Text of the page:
Starring the once very popular sex symbol Marlene Dietrich status as a foreign import of the early 1930s had faded in recent years due to poor box office numbers. She steps out of her usual roles to play a bar hall queen. Dietrich had been the equivalent to a German Greta Garbo, or perhaps Garbo was the Swedish version of Dietrich, she had seen far more prosperous days in her past as critics began to put he in that category of “box office poison.” As World War II began in break out in Europe and being German Dietrich took Destry Rides Again as an attempt to make herself more American in the eyes of American audiences.
In 1939 Dietrich would become an American citizen to distance herself from the Nazi ran country that was her homeland and would take this western with a pay cut believing that the move would take her new home nationality a step further. It was against her character-type as she was not her usual European vamp, but rather a woman that embraced the freedom loving life of American life, even though she was clearly a foreigner with her thick accent. The idea worked as she would find a new niche in Hollywood playing similar ball room characters in the near future, building on her appearance here as Frenchy. Dietrich would be given the first billing in Destry Rides Again as she was the most recognizable name among the two co-stars, which would quickly change.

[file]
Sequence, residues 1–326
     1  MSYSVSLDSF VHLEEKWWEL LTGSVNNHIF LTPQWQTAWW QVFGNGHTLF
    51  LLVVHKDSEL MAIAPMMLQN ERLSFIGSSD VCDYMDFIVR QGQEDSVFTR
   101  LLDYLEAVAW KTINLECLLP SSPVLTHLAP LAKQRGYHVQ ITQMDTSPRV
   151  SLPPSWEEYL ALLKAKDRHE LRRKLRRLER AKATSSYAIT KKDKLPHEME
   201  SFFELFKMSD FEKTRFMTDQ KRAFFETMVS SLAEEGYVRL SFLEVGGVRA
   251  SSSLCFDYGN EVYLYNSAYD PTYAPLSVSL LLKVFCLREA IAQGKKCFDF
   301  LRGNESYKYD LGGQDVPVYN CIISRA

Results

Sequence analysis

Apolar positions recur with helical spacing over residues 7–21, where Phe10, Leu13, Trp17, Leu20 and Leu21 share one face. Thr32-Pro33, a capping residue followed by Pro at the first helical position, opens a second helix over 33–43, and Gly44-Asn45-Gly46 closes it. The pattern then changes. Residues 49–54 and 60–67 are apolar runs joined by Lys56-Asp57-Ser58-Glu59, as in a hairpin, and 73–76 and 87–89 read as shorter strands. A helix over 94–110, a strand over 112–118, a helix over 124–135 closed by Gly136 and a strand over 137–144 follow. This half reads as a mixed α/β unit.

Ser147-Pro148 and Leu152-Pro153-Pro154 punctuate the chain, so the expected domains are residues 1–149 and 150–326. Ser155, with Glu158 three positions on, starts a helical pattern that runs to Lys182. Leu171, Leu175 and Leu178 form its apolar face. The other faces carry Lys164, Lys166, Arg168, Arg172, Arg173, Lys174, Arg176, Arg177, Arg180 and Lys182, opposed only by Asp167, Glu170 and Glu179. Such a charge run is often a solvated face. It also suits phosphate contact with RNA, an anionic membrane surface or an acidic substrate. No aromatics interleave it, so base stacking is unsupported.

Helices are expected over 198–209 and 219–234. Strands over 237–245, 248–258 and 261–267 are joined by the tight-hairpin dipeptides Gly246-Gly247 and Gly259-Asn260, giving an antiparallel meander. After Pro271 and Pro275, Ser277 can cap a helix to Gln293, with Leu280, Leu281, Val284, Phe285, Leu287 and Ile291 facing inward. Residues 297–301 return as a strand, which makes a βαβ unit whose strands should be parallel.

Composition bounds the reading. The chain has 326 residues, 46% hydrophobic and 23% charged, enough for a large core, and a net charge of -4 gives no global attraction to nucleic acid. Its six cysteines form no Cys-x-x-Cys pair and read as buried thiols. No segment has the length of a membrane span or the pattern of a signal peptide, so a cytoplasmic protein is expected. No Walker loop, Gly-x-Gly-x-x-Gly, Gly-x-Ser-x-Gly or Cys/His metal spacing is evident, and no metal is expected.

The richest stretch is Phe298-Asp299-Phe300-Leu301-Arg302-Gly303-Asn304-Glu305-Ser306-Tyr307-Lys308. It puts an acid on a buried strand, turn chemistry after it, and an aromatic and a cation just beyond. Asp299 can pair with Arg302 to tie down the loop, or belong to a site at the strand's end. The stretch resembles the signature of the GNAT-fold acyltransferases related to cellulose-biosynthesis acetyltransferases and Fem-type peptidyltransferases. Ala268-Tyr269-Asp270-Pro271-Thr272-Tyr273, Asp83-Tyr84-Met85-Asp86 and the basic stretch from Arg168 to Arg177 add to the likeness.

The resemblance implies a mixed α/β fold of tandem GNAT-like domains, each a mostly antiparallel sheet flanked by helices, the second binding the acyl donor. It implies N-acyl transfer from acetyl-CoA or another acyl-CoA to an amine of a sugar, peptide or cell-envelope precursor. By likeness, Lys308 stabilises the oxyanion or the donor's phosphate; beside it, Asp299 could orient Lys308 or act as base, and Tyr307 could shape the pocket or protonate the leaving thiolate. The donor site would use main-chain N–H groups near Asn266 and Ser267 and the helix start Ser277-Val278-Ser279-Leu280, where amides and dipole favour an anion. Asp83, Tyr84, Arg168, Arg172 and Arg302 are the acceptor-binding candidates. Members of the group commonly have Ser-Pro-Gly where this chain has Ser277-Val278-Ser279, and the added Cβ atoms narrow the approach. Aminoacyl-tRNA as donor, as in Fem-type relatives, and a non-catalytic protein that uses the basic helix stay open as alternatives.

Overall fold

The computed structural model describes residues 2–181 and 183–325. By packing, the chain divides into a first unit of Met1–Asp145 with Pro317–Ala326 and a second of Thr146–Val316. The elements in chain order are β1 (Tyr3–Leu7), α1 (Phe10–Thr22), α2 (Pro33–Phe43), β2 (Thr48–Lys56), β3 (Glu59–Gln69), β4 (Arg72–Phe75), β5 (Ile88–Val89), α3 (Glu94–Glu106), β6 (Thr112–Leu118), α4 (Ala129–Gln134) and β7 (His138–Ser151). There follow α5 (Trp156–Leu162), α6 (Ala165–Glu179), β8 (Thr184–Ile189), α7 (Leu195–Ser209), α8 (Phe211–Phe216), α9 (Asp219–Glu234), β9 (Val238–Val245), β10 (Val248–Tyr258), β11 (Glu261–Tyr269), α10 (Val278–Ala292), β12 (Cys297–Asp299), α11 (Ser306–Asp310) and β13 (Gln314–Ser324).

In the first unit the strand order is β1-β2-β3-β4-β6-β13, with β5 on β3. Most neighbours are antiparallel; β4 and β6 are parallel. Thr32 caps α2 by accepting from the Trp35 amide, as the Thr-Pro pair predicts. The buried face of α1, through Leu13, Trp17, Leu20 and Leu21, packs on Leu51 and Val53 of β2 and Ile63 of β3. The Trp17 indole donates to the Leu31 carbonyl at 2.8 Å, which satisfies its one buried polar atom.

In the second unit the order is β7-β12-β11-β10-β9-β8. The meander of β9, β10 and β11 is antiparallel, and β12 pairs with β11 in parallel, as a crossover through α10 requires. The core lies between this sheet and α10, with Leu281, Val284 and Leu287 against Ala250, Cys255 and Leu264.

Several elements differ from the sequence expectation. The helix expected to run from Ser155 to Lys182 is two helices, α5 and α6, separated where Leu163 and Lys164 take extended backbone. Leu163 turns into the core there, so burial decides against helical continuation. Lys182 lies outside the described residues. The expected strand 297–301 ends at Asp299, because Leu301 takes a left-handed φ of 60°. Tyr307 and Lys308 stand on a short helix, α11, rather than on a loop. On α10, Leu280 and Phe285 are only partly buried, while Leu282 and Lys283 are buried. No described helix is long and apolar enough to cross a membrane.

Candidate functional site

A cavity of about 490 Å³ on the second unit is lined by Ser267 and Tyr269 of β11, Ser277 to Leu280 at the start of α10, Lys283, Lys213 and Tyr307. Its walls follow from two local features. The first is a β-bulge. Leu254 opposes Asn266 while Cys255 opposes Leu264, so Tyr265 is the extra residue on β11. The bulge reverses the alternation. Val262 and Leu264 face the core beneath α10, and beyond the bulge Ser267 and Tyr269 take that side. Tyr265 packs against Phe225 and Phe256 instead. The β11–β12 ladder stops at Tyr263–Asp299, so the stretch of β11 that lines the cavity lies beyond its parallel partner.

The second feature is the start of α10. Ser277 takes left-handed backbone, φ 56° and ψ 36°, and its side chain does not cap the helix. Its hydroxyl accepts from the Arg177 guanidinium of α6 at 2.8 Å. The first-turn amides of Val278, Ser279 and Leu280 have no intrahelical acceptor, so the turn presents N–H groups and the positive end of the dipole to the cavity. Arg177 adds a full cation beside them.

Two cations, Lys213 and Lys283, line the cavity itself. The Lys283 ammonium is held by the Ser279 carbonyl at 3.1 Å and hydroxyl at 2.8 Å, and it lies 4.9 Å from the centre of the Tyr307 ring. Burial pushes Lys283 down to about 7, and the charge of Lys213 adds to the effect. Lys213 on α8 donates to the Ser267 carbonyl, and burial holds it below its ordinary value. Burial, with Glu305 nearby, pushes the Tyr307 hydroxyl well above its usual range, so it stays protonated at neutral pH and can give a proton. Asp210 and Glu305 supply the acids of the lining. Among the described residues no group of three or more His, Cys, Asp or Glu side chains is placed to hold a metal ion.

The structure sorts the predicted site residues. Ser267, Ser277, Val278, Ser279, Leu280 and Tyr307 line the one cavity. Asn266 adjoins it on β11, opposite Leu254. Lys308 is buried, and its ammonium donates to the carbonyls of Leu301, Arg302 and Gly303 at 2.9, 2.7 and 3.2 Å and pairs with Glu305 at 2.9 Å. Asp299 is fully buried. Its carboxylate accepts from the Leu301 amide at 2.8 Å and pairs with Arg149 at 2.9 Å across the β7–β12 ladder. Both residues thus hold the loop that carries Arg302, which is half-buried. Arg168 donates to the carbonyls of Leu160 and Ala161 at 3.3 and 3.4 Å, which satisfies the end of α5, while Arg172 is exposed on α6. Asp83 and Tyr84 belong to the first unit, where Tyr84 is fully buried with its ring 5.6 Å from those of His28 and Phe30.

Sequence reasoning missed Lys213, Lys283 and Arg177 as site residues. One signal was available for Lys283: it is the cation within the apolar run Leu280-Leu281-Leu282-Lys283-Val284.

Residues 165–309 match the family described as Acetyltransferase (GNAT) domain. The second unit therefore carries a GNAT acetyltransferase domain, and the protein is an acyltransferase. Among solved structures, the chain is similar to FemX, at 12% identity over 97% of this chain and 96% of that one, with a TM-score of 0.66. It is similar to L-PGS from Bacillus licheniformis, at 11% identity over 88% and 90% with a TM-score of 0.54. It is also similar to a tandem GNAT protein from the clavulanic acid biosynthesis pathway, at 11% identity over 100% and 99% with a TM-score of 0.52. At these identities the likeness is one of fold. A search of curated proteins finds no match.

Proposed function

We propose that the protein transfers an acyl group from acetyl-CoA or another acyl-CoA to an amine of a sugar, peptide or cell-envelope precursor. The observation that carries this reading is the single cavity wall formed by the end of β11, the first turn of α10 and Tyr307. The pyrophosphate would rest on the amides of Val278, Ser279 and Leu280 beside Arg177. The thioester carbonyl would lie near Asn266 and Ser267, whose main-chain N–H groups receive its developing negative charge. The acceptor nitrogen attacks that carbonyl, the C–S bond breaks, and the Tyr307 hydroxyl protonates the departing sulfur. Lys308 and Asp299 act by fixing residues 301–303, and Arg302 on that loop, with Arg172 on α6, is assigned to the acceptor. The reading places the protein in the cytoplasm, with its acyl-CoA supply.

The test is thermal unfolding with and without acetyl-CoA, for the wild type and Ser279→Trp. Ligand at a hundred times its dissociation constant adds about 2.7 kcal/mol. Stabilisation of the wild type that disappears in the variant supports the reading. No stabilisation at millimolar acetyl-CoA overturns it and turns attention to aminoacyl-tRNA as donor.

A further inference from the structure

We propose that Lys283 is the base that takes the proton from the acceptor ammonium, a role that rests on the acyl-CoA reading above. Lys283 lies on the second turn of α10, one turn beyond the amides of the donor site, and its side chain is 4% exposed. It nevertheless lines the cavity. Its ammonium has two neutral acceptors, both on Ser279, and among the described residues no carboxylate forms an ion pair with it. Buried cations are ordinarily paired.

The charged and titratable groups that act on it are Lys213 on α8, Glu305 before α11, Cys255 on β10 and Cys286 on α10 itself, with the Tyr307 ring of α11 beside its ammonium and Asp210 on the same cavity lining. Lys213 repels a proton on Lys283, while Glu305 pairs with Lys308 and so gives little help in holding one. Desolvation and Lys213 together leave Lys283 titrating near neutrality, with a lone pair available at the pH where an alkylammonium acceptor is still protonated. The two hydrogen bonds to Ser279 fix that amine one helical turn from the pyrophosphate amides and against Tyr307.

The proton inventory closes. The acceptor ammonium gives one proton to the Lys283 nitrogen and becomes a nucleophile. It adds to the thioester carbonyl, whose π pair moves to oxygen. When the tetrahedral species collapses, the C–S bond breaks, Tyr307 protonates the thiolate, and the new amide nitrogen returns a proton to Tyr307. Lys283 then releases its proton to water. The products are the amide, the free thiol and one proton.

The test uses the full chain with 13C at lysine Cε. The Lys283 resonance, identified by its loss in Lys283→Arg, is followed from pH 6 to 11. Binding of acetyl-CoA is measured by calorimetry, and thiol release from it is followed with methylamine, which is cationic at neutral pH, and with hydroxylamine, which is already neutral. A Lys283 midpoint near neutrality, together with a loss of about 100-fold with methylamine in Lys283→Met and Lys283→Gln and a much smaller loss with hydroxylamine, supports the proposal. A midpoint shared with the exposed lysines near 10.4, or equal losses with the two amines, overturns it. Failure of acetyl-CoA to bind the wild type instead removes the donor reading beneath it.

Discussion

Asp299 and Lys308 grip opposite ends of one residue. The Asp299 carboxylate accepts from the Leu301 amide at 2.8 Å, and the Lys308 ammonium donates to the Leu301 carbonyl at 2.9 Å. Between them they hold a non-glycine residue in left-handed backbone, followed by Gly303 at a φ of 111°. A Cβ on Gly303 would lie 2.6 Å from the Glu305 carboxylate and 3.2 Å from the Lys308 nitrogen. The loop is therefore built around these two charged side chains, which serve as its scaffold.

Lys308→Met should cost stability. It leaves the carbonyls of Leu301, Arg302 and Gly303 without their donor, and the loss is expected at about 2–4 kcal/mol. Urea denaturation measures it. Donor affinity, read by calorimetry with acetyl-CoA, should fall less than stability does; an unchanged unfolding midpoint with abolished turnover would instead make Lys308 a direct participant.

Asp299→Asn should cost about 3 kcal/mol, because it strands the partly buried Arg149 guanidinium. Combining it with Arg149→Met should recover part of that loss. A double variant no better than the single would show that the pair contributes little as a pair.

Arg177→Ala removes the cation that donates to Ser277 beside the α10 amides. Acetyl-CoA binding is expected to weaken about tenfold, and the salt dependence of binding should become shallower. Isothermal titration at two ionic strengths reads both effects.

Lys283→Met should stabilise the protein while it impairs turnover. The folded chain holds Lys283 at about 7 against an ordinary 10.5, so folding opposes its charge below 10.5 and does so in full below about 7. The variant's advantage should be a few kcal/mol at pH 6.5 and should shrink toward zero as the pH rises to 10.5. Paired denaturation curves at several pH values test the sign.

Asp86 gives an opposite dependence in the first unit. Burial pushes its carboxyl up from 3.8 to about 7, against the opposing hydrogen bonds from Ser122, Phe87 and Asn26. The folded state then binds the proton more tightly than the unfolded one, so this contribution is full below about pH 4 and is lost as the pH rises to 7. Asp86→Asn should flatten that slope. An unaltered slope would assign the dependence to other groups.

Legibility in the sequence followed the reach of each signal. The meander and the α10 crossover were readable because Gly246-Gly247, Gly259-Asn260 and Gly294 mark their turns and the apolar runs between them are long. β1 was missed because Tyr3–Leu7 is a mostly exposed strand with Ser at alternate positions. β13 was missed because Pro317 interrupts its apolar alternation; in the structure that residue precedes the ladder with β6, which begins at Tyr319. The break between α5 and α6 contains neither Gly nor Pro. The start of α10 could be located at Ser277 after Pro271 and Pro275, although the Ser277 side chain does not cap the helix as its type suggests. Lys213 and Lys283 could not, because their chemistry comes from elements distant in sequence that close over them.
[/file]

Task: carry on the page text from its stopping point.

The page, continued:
James Stewart was in the middle of an Oscar award winning year with the success of Mr. Smith Goes to Washington. Here with Destry Rides Again he brings a similar charm that made him such a likable character in Mr. Smith. Stewart would not gain any great acclaim from his appearance here in this picture, but it would be his first venture into westerns, a genre he would see a large amount of success in later in his career.
The two co-stars, apart from sharing an onscreen romance, also shared an off-screen affair. Rumors and legends surround the two stars’ unseen romance. Perhaps the most controversial is said to be that Dietrich had gotten pregnant by Stewart during the making of this picture and would secretly have an abortion because of it.
Western filmmaker George Marshall brings to the picture the fun and adventure that the picture was looking for. With his specialty being the western Marshall is able to make this world in Destry Rides Again be alive with energy and fascination. He makes the saloon and the town flourishing with the raucous appeal that made westerns alluring in to audiences.